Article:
[Comment on “Anonymous reviews: Self-serving, counterproductive, and unacceptable”] Anecdotal information is insufficient to claim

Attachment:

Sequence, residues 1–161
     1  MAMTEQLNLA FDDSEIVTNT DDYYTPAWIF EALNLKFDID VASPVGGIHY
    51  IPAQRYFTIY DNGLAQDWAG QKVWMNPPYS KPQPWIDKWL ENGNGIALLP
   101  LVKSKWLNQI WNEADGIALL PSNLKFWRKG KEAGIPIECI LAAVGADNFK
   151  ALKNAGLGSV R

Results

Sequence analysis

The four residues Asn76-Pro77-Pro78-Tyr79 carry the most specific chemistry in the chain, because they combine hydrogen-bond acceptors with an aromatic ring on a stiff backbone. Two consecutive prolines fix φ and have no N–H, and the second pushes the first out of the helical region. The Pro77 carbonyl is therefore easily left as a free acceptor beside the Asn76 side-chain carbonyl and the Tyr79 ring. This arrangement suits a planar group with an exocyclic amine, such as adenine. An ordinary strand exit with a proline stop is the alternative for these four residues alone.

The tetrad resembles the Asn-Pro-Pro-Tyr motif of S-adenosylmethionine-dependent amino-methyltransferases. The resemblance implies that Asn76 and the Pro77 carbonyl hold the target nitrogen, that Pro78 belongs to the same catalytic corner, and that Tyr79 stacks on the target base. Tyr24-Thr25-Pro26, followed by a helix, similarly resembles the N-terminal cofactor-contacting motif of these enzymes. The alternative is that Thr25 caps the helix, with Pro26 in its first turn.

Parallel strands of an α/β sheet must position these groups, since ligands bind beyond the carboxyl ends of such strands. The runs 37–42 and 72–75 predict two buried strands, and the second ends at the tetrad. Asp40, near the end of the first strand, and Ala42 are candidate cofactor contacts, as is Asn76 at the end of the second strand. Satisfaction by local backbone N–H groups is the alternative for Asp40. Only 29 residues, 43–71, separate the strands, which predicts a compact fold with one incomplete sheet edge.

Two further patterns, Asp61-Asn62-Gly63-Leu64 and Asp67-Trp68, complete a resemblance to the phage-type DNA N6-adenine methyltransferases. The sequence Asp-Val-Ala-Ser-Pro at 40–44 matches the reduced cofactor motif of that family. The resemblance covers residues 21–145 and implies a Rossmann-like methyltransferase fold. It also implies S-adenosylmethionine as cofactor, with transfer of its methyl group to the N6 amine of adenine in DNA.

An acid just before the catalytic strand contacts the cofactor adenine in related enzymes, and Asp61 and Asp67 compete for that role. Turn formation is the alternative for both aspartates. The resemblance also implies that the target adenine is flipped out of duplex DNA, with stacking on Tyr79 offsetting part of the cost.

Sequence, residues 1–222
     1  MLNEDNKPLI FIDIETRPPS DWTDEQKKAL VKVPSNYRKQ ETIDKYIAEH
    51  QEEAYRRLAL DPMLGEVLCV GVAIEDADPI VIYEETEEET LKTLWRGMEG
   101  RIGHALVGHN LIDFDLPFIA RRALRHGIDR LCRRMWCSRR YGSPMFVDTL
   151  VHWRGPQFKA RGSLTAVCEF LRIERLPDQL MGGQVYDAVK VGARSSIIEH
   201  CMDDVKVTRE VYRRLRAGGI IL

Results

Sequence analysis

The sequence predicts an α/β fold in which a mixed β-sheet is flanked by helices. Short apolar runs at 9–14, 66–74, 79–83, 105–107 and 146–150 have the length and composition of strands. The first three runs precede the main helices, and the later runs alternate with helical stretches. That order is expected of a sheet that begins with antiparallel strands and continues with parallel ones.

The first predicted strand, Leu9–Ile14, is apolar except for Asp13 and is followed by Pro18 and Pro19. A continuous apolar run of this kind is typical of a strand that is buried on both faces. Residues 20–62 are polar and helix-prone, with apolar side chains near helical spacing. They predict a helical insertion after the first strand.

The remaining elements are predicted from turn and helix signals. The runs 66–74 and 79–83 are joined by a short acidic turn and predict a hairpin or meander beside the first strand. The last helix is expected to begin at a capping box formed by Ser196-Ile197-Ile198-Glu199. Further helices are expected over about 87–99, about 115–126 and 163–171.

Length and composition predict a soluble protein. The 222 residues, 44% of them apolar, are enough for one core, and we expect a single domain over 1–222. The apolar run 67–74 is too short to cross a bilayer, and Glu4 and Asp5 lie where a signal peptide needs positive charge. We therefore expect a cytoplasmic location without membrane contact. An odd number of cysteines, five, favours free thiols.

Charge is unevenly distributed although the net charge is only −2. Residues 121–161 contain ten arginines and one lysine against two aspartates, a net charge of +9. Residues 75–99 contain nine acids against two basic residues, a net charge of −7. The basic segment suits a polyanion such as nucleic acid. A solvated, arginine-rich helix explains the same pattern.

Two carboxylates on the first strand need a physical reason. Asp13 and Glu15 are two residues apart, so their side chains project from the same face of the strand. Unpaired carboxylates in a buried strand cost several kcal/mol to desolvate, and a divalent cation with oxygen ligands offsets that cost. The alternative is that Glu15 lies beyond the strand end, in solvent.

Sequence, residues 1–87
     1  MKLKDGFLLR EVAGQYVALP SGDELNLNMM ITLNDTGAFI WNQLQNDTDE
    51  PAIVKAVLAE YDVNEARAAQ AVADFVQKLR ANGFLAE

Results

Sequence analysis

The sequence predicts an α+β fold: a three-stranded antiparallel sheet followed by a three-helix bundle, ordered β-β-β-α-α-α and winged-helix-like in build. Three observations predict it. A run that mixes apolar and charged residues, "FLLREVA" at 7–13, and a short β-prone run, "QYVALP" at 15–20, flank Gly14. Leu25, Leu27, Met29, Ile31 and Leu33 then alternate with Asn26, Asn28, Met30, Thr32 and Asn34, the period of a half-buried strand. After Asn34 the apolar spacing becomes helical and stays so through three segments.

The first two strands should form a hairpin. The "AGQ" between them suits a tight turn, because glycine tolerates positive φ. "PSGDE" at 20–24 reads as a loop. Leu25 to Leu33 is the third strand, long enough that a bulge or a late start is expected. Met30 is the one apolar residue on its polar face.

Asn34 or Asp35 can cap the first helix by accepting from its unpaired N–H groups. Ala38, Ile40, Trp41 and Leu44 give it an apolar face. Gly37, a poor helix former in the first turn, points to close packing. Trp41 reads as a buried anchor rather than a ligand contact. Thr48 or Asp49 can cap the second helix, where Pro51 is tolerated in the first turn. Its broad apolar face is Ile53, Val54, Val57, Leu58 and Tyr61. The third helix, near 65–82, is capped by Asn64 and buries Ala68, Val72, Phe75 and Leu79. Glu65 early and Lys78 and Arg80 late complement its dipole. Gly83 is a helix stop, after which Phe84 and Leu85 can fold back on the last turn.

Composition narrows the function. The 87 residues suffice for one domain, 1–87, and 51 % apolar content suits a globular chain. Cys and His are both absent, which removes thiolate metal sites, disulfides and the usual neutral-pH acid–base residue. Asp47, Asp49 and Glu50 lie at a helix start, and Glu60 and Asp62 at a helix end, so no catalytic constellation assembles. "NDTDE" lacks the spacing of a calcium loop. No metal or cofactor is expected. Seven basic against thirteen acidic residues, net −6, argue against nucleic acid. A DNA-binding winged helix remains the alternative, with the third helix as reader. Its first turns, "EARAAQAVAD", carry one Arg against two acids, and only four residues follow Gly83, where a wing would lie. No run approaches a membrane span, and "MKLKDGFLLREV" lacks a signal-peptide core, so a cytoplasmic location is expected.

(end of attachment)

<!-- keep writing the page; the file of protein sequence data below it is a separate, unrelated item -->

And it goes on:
I have read the recent Forum commentaries describing disgruntlement with particular anonymous reviews (1 July 2003 and 29 July 2003 issues), and nodded sympathetically. After all, who among us has not felt, at one time or another, that a reviewer badly misunderstood our contribution to the scientific literature or our grant proposal? But each of these recent Forum contributors in fact committed the elementary logical error of invoking anecdotal evidence to prove a point. I doubt that any of these correspondents would accept scientific claims based on anecdotes. Yet somehow they believe that anecdotes form a sufficient basis for claiming that anonymous reviewing is inherently a nasty business. These correspondents further employed the dubious rhetorical device of contrasting their own self-defined, high ethical standards with those of their adversaries, whom they variously described as rude, hostile, vindictive, lazy, cowardly, selfish, bigoted against women and minorities, and attired in “the costume of crooks.” The parallel with the discourse of political argument is hard to miss.